The viscosity of this formulation was 2,000 cps. A coating was cast on the same substrate using a Gardener's knife with a clearance of 0.04". The coating was dried and foamed at 150 C. for four minutes. The dry film had a BR of 1.7. The difference between this formula and Example 3 was the amount of CBA and thickeners used here were slightly increased. However, there was little effect on the blow ratio of the dry film.

Example 5

Another coating formula was prepared:

______________________________________MATERIAL         WEIGHT, g______________________________________Rhoplex P-554    100No. 2 clay       10Cymel 325        4CBA (Celogen OT) 12Admiral 3089FS   1.7Acrysol RM-2020  1.7______________________________________

This viscosity of this formulation was 3,500 cps. A coating was cast on the same substrate using a Gardener's knife with a clearance of 0.04". The coating was dried and foamed at 150 C. for four minutes. The dry film had a BR of 1.5. In this formula, the wax emulsion was not added in the coating formula. It appeared to have little effect on the blow ratio of the system.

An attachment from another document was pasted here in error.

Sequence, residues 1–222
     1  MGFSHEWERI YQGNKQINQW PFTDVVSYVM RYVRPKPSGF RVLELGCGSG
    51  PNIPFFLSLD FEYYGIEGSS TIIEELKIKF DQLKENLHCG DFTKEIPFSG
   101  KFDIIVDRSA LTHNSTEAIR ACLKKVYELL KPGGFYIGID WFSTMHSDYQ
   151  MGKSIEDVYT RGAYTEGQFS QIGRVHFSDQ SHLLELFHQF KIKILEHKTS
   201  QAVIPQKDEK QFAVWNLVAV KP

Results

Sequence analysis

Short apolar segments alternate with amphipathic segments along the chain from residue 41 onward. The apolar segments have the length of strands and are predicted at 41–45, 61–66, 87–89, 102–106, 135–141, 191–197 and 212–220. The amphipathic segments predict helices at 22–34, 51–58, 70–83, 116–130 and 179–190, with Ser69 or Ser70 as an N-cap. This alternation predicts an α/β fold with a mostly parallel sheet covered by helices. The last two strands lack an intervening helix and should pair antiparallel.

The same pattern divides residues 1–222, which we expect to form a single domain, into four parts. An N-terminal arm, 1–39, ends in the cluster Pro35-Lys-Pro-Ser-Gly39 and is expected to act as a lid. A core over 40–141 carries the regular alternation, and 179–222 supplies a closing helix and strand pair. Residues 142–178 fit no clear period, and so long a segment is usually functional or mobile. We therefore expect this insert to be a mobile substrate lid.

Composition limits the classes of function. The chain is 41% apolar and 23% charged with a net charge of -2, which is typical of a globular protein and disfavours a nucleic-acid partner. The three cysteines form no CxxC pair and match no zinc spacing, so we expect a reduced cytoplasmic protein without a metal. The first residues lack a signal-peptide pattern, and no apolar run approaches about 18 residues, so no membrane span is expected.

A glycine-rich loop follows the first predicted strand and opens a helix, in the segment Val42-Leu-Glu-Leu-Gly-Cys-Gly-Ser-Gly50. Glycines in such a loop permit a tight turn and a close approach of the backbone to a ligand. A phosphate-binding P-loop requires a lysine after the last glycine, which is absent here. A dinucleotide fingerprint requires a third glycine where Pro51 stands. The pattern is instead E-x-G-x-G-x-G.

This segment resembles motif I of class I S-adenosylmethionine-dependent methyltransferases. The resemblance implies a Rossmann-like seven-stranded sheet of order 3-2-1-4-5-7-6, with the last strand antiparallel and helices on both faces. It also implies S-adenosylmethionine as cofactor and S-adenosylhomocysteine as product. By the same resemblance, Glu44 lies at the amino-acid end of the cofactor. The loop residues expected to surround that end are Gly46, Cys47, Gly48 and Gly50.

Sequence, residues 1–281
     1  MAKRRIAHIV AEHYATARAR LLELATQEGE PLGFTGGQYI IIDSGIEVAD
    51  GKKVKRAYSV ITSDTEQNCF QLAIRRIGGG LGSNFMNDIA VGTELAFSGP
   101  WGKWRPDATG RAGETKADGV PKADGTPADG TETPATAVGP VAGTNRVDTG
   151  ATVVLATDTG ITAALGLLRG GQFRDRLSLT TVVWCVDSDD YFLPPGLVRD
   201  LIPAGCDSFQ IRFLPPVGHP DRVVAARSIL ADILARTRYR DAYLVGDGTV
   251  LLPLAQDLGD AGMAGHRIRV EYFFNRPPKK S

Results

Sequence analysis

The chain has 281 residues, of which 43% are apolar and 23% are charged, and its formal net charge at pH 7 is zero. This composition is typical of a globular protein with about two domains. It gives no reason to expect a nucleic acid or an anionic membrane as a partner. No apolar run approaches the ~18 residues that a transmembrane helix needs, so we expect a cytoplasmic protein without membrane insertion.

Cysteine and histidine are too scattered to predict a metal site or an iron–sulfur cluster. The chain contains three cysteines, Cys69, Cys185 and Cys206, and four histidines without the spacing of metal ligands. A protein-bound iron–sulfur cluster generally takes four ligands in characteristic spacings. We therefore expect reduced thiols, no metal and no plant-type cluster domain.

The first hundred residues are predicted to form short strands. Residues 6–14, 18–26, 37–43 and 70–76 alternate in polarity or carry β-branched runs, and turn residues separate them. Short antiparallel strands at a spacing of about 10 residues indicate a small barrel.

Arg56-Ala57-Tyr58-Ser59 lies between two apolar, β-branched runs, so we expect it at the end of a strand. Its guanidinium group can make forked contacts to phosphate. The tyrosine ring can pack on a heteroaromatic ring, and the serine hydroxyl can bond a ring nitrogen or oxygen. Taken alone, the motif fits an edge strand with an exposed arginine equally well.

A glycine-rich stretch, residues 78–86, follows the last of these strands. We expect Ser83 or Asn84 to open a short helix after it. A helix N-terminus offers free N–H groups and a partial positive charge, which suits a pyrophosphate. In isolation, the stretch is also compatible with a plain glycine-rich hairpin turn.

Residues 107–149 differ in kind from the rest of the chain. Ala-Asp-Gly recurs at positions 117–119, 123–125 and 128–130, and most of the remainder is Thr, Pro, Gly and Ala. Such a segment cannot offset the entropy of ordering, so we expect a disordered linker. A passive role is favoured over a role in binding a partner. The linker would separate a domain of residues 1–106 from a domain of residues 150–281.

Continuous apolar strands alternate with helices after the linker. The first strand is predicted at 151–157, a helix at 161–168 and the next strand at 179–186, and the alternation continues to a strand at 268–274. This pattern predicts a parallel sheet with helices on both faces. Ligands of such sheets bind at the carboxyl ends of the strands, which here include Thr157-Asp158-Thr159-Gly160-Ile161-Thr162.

Example 6

Another coating formula was prepared:

______________________________________MATERIAL         WEIGHT, g______________________________________Rhoplex P-554    100Nopcote DS-101   10Zinc oxide       12CBA (Celogen OT) 12Admiral 3089FS   1.7Acrysol RM-2020  1.7______________________________________

The viscosity of this formulation was 1,600 cps. A coating was cast on the same substrate using a Gardener's knife with a clearance of 0.04". The coating was dried and foamed at 150 C. for four minutes. The dry film had a BR of 2.2. It can be seen that the use of ZnO can promote the decomposition reaction of the CBA and help improve the blow ratio.

Another film was cast using the Gardener's knife with a clearance of 0.025". The coating was dried and foamed at 150 C. for four minutes. The dry film had a BR of 1.8. This demonstrated the effect of wet coating web thickness on the final structure of the film.